The study described here found that family emergency was reported as the claim students would be most likely to utilize when faced with a potential situation to report a fraudulent claim in order to gain an extension on an assignment. The results suggest that students perceive family emergency as more believable by an instructor than the other claim types, and they also expressed higher confidence in claims about personal illness and computer troubles than did not understand an assignment. It is worthwhile to note that while participants reported fraudulent claims, a number of participants also indicated that they would tell the truth to their instructor when asking for an extension. However, participants reporting the truth expressed less confidence that the instructor would grant them an extension.
Consistent with literature (Ferrari et al., 1998; Jones, 2002; Roig and Caso, 2005), the study described here found that individuals do engage in reporting claims in an attempt to deceive their instructor even when motivated by academic tasks with low academic consequences and, possibly more alarmingly, that many students possess great confidence in their abilities to “get away with” reporting fraudulent claims.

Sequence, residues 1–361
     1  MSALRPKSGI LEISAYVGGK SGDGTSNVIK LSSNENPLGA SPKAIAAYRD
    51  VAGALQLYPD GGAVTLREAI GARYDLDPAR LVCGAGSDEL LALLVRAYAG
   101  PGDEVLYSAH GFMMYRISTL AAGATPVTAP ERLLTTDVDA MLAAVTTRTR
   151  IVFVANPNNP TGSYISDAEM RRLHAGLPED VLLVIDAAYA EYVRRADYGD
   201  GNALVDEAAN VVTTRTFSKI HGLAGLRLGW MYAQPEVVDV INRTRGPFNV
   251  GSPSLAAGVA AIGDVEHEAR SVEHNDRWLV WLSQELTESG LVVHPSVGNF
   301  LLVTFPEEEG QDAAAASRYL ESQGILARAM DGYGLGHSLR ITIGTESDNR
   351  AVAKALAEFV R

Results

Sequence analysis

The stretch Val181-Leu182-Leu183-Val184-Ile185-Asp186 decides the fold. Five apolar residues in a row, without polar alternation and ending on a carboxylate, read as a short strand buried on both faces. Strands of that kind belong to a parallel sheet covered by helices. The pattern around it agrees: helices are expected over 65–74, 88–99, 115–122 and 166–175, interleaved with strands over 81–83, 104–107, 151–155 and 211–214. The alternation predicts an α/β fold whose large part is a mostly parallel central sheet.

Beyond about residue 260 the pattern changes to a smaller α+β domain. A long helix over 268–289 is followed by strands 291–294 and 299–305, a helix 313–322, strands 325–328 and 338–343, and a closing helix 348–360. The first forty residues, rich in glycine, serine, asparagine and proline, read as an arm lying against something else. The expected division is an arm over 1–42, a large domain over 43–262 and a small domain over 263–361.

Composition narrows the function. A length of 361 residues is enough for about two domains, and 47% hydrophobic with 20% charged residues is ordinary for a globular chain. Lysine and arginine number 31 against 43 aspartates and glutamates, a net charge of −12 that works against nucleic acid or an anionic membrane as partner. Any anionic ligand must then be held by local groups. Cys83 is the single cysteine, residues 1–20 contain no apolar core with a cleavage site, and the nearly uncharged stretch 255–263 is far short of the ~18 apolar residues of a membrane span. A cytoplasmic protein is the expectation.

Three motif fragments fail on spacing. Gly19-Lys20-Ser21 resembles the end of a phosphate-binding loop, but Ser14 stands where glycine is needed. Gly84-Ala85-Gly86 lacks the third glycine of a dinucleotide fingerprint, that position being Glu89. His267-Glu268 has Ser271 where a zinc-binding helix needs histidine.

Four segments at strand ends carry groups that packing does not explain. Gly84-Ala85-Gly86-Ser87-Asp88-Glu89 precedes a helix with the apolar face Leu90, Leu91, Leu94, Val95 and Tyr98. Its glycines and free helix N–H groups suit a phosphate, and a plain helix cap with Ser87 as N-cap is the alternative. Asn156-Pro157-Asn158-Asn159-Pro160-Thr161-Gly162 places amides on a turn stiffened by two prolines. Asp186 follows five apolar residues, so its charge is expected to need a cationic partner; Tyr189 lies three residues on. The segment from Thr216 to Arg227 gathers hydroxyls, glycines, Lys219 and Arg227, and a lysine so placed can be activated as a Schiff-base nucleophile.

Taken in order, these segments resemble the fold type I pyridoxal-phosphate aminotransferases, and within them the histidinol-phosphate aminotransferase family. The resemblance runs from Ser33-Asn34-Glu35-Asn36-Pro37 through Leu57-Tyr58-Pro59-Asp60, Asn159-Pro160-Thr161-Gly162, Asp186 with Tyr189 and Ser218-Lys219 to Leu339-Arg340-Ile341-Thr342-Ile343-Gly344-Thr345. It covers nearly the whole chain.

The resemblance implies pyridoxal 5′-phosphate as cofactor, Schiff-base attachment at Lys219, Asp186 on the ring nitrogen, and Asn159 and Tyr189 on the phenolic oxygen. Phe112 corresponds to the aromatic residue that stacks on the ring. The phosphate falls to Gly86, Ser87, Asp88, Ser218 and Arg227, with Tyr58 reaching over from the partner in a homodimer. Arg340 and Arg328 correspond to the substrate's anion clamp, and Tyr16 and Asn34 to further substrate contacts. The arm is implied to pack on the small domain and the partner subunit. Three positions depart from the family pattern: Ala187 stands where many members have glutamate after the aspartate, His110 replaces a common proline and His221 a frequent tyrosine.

Excerpted with permission from An examination of factors and attitudes that influence reporting fraudulent claims in an academic environment. Active Learning in Higher Education, 15 (2), 173-185.
References included in the excerpt:
Ferrari JR, Keane SM, Wolfe RN, et al. (1998) The antecedents and consequences of academic excusemaking: Examining individual differences in procrastination. Research in Higher Education, 39(2): 199–215.
Jones S (2002) The Internet goes to college: How students are living in the future with today’s technology. Pew Internet and American Life Project. Available at: pewInternet.org (accessed 26 August 2011).
Roig M and Caso M (2005) Lying and cheating: Fraudulent excuse making, cheating, and plagiarism. Journal of Psychology, 139(6): 485–94.
Lacy E. Krueger is an assistant professor of psychology in the College of Education and Human Services at Texas A&M University-Commerce. Anna M. Carmichael is a Doctor of Psychology (clinical neuropsychology) candidate at Monash University.